I recently had an outstanding experience with service at a restaurant in Reno NV. I was there 4th of July weekend to hang out with some college buddies. We went to the Harrah's steak house which was listed as 2nd best in all of Reno.

We had a gentlemen by the name of Ali serving us, BTW they are called "captains" in this particular restaurant, who provided us service above and beyond what I expected. He had a good personality and treated us very well. Additionally, how showed an extra level of showmanship when he prepared part of our meal.

There's a specialty drink call the Cafe Diablo that they serve in the restaurant. It's called diablo because it's really not coffee, more a combination of liquors, grand marnier, brandy, cointreau and a host of other ingredients.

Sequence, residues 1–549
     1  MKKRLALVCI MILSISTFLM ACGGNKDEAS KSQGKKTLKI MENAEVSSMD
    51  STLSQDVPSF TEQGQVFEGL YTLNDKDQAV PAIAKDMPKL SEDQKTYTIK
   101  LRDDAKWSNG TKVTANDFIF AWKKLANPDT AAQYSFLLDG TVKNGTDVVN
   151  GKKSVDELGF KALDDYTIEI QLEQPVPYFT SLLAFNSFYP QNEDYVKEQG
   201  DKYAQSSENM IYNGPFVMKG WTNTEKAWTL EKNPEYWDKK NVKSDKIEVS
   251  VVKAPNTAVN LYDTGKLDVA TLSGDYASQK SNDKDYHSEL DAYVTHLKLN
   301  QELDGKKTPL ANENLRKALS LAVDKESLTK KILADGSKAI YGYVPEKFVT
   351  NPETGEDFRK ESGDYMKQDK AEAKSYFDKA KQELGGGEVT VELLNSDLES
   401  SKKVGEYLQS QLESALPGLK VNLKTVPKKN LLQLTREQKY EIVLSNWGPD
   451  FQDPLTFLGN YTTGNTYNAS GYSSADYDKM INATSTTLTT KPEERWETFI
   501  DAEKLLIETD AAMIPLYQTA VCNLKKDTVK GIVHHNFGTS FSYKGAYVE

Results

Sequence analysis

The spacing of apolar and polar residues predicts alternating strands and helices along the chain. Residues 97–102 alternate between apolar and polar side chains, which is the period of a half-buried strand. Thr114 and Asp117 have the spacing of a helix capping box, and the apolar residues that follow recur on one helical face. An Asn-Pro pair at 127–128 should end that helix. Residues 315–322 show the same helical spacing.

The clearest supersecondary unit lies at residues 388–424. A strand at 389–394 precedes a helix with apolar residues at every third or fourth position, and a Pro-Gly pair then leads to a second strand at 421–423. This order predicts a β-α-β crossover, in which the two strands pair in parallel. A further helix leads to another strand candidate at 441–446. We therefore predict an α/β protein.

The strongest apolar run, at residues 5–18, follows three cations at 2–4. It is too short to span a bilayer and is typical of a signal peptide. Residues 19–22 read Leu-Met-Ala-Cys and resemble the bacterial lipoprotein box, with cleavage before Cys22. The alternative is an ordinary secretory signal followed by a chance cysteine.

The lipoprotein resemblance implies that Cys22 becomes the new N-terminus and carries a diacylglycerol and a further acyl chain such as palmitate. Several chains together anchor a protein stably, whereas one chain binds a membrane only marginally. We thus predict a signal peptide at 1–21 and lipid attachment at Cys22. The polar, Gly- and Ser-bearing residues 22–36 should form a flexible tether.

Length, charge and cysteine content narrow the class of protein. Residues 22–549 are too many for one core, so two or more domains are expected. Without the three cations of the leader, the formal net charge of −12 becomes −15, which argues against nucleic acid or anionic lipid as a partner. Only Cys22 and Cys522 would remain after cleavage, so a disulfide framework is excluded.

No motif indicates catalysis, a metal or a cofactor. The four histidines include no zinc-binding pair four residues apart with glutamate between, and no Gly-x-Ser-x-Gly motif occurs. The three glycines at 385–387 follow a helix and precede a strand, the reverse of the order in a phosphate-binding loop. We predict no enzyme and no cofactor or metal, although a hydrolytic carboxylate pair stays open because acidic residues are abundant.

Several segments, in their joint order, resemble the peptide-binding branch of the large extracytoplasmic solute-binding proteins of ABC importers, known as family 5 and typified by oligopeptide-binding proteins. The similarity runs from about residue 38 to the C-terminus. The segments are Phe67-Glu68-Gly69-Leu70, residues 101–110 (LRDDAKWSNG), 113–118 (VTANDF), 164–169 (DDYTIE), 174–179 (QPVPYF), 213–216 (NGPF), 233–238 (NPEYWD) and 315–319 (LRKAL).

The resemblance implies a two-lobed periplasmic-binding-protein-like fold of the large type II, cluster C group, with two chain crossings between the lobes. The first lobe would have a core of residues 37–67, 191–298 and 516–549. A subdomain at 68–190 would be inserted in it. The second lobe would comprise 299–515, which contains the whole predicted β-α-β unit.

Let me tell you, Captain Ali put on quite the show, making of the cafe diablo ran a good 10 minutes and he did some heavy pouring! The show also includes the lighting of the drink which resulted in a spectacular experience.

We tipped him handsomely for treating us so well, probably around 30%, but it was well worth it. I'd recommend anyone who enjoys a good steak and a show to visit Captain Ali at Harrah's.

After being so impressed, we decided on going to the #1 ranked steakhouse. The food was better, but simply wasn't the same.

Regards,

Mike
 

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There are definitely a few areas where I think his advice makes a lot of sense. I too have always wondered why some people who spend so much in every other area of life determine tip percentage very carefully.
It's self-consciousness.

My parents taught me that I should tip "around 20%," or $1 per $5 on the bill, and that I should round up to whole dollars. Easy, fast, generous (at least by decades-ago standards). There were two exceptions: 1) If I was very unhappy with the service and had expressed that, and 2) If I was at a social disadvantage within a group (youngest at the table, poorest at the table, etc) I should tip exactly 15%.